3C.   So, salvation is not the result of good deeds, is not the result of being good enough to go to heaven, is not the result of being religious, is not the result of making God happy with you.  It is simply a matter of taking Jesus, by faith, to be your savior.

4C.   When a person does that, if a person does that, he is pronounced righteous in the sight of God, his sins are washed away in the blood of Christ, he is adopted into the family of God.  In short, when a person does that he is saved.

2B.    The problem, of course, is that most people do not believe on the Lord Jesus Christ

1C.   In fact, very few people get saved, despite the fact than many people say they got saved.  The disparity comes from the fact that people lie.  They deceive themselves in many ways.

2C.   Since the heart is deceitful above all things and desperately wicked, Jeremiah 17.9, people deceive themselves by convincing themselves that they want to be saved when they actually don’t, by convincing themselves that they have believed on Jesus Christ when they have done no such thing, or by convincing themselves that they don’t need to be saved when they know very well that if they don’t get saved they’re going to go to Hell.

3B.    So, how does a person get saved whose great tendency is to lie to himself in every conceivable way, and whose own heart tricks and deceives him into thinking that he is saved when he isn’t or that he doesn’t need to get saved when he does?

I cannot guarantee that any sinner will get saved, because God hasn’t told me who actually will and who actually will not truly believe on the Lord Jesus Christ.  But I do know what things are most likely to result in you getting truly saved:

1C.   First, come to Church every service and pay very close attention to the preaching.  Hebrews 10.25 reads, “Not forsaking the assembling of ourselves together, as the manner of some is.”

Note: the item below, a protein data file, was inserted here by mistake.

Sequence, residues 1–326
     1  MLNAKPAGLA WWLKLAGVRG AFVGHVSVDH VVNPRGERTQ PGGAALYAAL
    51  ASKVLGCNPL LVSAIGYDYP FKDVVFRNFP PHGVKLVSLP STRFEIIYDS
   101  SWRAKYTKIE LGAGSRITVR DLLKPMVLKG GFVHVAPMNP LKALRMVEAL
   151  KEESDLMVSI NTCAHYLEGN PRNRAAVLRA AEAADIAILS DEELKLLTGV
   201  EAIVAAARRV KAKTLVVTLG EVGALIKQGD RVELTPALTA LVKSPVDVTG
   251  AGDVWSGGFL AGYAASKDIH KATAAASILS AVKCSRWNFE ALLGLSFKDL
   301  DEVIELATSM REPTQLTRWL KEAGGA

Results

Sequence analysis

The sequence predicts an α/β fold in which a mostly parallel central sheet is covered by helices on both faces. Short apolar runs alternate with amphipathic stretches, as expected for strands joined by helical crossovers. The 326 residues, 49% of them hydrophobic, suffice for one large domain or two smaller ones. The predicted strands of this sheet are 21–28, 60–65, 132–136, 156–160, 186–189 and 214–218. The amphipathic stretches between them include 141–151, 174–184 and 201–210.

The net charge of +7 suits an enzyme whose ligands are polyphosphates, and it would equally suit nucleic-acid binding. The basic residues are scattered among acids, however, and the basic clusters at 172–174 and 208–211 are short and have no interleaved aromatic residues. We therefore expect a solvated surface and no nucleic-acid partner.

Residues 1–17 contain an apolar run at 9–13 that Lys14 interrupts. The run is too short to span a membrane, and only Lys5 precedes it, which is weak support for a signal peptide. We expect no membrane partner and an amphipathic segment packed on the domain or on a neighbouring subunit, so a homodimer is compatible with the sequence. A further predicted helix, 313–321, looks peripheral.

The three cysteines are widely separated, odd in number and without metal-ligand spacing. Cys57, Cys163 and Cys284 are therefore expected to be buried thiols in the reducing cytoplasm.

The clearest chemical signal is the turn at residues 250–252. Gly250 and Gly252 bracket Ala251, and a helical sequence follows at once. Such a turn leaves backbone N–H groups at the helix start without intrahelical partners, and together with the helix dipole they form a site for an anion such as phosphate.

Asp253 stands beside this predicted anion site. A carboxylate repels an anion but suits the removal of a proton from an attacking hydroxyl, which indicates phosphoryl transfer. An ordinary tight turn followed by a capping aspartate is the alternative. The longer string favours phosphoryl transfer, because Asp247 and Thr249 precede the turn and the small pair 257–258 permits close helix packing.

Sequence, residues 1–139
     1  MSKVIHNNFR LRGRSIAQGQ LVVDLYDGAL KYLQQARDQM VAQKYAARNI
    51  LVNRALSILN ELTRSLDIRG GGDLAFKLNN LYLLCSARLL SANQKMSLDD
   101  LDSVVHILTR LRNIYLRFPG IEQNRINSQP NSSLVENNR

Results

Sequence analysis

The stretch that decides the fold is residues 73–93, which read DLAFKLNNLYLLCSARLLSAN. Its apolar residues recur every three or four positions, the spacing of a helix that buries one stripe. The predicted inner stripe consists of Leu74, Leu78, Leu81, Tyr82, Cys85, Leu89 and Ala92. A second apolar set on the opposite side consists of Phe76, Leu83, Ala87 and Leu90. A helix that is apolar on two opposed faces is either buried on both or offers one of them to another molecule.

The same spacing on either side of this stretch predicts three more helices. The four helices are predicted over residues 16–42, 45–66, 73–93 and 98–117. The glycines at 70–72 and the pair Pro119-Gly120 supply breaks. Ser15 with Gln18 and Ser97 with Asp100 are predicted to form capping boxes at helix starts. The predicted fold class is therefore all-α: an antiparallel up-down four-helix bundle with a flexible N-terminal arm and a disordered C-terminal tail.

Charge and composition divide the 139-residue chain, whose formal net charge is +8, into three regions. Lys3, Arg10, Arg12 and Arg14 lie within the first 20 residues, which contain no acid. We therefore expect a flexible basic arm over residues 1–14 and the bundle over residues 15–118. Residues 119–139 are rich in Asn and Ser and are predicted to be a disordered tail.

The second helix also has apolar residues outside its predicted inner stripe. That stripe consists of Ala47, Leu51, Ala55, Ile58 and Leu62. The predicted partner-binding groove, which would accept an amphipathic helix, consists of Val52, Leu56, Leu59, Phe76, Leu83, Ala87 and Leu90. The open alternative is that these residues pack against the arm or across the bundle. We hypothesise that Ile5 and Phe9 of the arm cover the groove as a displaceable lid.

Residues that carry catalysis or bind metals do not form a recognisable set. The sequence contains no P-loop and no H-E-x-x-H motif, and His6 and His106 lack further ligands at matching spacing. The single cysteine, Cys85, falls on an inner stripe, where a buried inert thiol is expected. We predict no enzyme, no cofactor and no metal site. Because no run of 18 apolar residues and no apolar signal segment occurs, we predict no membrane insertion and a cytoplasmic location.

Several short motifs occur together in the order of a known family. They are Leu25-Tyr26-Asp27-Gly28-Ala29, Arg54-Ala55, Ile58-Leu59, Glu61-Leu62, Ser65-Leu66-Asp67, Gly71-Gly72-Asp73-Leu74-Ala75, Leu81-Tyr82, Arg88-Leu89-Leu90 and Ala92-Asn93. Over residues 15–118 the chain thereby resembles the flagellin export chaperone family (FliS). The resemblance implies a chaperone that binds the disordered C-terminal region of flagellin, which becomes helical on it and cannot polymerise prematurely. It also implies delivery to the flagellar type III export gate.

2C.   And this is important because preaching is how most people get saved.  First Corinthians 1.21:  “It pleased God by the foolishness of preaching to save them that believe.”

3C.   And it’s important that every Church member attend every service, as well.  What can happen when an entire congregation is assembled under the preaching of God’s Word?  First Corinthians 14.25 tells us what can happen:  “so falling down on his face he will worship God, and report that God is in you of a truth.”

4C.   There are other things that are needful in seeing an unsaved person’s heart prepared for salvation, things that will do much to strip away the deceitfulness and lies that a sinner tells himself.  But I don’t want to give you too much today, and I want to leave you with the most important thing, which is Church attendance. 


1.   Was Margaret Mead on target when she said “Women want mediocre men, and men are working to be as mediocre as possible”?  Sad as it may be, I think she was on target.  But it needn’t be.

2.   We have no rocket scientists among us, and I am not suggesting that anyone here foolishly waste time pretending to be a genius.  In many ways we will be but mediocre men.  And this is because we are mediocre in gifts and talents and intelligence.

3.   But this doesn’t mean we have to be mediocre in what kind of men we can be.  Each and every man here can be an honorable man, particularly an honorable father.  And how important it is that we strive to be that kind of man.

4.   There is much to say that I have not said today, so that I might focus on only that which needs to be said.  Dad, you need to get saved.  You need to get saved to be honorable and to be honored.  So come to Church.

[1]Webster’s New Universal Unabridged Dictionary, (New York: Barnes & Noble Books, 1996), p. 5.